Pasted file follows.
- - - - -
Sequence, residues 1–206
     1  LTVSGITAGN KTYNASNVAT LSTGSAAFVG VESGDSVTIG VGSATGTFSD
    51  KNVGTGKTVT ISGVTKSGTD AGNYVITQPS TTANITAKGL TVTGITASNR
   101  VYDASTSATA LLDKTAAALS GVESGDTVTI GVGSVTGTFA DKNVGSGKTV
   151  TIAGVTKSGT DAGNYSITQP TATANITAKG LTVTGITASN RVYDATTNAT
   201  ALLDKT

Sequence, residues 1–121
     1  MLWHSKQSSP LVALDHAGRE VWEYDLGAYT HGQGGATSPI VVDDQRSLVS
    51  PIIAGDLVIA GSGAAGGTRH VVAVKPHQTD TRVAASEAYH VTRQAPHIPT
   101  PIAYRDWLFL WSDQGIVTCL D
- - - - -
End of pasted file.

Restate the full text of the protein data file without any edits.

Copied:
Sequence, residues 1–206
     1  LTVSGITAGN KTYNASNVAT LSTGSAAFVG VESGDSVTIG VGSATGTFSD
    51  KNVGTGKTVT ISGVTKSGTD AGNYVITQPS TTANITAKGL TVTGITASNR
   101  VYDASTSATA LLDKTAAALS GVESGDTVTI GVGSVTGTFA DKNVGSGKTV
   151  TIAGVTKSGT DAGNYSITQP TATANITAKG LTVTGITASN RVYDATTNAT
   201  ALLDKT

Sequence, residues 1–121
     1  MLWHSKQSSP LVALDHAGRE VWEYDLGAYT HGQGGATSPI VVDDQRSLVS
    51  PIIAGDLVIA GSGAAGGTRH VVAVKPHQTD TRVAASEAYH VTRQAPHIPT
   101  PIAYRDWLFL WSDQGIVTCL D